I'm really impressed with this debut Jotunspor album and, when you consider that this is the label's very first release, Satanas Rex has created an almost insurmountable benchmark for others to follow and this should have other BM bands clamouring to join its stable. Meanwhile, for more information, contact www.satanasrex.co.uk
Reviewed by Troy Southgate - www.rosenoire.org
Right now, everybody is singing about how good it was back in the old Pagan days. You could live with honesty and dignity, drink mead, walk or hunt in the forests, be at one with Nature and occasionally crush a Christian skull or two. All fine and well, but it surely couldn't have been that good — there must have been something that they were afraid of, with all the unexplainable things around them? What were their women scaring their children with? What were their nightmares like? What were, in Mayhem's words, their Pagan fears? Probably something like Jotunspor.
When Cold Spring Records approached two ex-members of Gorgoroth, King and Kvitrafn, and asked them to do a "noisy black metal album" for their new sub-label, Satanas Rex, they went to the studio and after two months came out with Gleipnirs Smeder ("Blacksmiths of Gleipnir"). The intention was to make music in honor of their ancient Nordic heritage. The result is all that and more. Jotunspor have united primitive black metal sounds and modern technology into a violent sonic reminder of all the fears engraved in the deepest nature of Man, by all the ages he survived surrounded by dangers and uncertainty of primitive life. Most of us have never been aware of it, in our comfortable, modern environments, but this is something that absolutely has to be acknowledged.
The first, title track, sets the tone for the rest of the album — the sound is commanding and overwhelming. Gloomy guitars, distant howls and echoes, metallic industrial sounds, tormented singing and simple, relentless drumming bring a shivery, claustrophobic feeling and a freezing atmosphere. Simple riffs in a classic Norwegian necro style and bestial vocals have never sounded this haunting, almost like Transilvanian Hunger, De Mysteriis Dom Sathanas and new Gorgoroth merged into one horrifying entity.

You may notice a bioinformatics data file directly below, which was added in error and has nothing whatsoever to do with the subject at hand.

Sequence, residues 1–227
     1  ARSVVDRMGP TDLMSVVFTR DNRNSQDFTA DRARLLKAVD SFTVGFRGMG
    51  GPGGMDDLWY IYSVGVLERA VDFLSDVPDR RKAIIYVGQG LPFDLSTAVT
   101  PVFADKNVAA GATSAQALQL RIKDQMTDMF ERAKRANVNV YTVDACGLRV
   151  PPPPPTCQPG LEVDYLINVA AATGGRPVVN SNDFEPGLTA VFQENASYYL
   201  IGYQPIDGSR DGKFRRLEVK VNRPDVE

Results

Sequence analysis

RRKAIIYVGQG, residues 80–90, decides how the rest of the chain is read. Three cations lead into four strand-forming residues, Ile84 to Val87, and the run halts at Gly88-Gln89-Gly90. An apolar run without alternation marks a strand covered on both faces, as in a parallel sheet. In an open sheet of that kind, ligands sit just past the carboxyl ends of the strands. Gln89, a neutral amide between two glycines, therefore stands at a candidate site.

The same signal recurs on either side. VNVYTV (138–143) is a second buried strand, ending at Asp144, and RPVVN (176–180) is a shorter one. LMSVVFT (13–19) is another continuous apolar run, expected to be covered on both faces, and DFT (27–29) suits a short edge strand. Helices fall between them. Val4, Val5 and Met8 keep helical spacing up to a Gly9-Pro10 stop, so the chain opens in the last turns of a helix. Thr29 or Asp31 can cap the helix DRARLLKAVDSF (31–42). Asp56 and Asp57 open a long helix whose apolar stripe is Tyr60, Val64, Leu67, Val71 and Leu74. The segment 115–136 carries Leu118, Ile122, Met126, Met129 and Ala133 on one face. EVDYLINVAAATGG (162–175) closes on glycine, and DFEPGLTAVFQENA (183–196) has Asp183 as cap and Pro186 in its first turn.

"Svartalvheims Djup" comes as a surprise and a question — it's only the second track, and it is a seven-minute, ambient track with cave sounds, slow, rumbling bass and more haunting voices from the dark past. It might sound unreasonable to put such a track so early — but when you realize that it's a continuation of "Gleipnirs Smeder," it becomes a natural part of the album. There is a feeling that Jotunspor could have made ambient versions of all the other songs — and they would be as scary as the distorted, metal ones.
The logical continuation comes with "Solartjuven," a slow, engulfing, Bathory-type piece sounding like something that has been buried and forgotten countless ages ago, now striving to awake and return from dust and oblivion, with a vengeance for those who have forgotten or ignored their primeval, archetypal instincts.
The next three tracks are a return to simplistic, epic, thunderous, mesmerizing black metal. The rhythms change from simple beats to furious blasts, and the suffocating atmosphere just becomes more and more intense — waves of primal sonic impacts leaving nothing behind them. The suitable ending, but not in any way a release from the pressure, is titled "Ildkrig," and presents itself as a combination of tribal, marching drums and meditative chanting surrounded by a wall of ancient noise.
Jotunspor is a studio project with no intentions of playing live. It is still not certain whether there will be any more albums — but with Gleipnirs Smeder, for at least once — the past is alive and here to haunt you.
Reviewed by Mladen Škot - www.maelstrom.nu
It's beyond me why Jotunspor's debut, Gleipnirs Smeder, has passed everyone's attention when the musical ante is highest calibre. The album has been out for several months, but I finally got my copy for promotion, hence these pithy words.
Formed by two ex-members of Gorgoroth, King OV Hell and Kvitrafn, Jotunspor have resurrected the expression that Gorgoroth and other bands from Bergen had in store for the audience in the mid-90's, but the duo has coupled this derivation with Viking-styled lyrics and titles, although the presence of these appear to be insignificant compared to the musical quality. Elaborate and intricate mid- and up-tempo black metal, without being technical. Atmosphere rather than sheer aggression. A vocalist expressing variation and melody rather than rasping out something unrecognizable.
Once might argue that Jotunspor merely replicate a well-known formula, but this injection gets insignificant when the music is the quintessence of how black metal should sound like; before old-school black metal [from several of Norway's bands began to take its toll, e.g. the aforementioned Gorgoroth].
Reviewed by Lolk - www.antenna.nu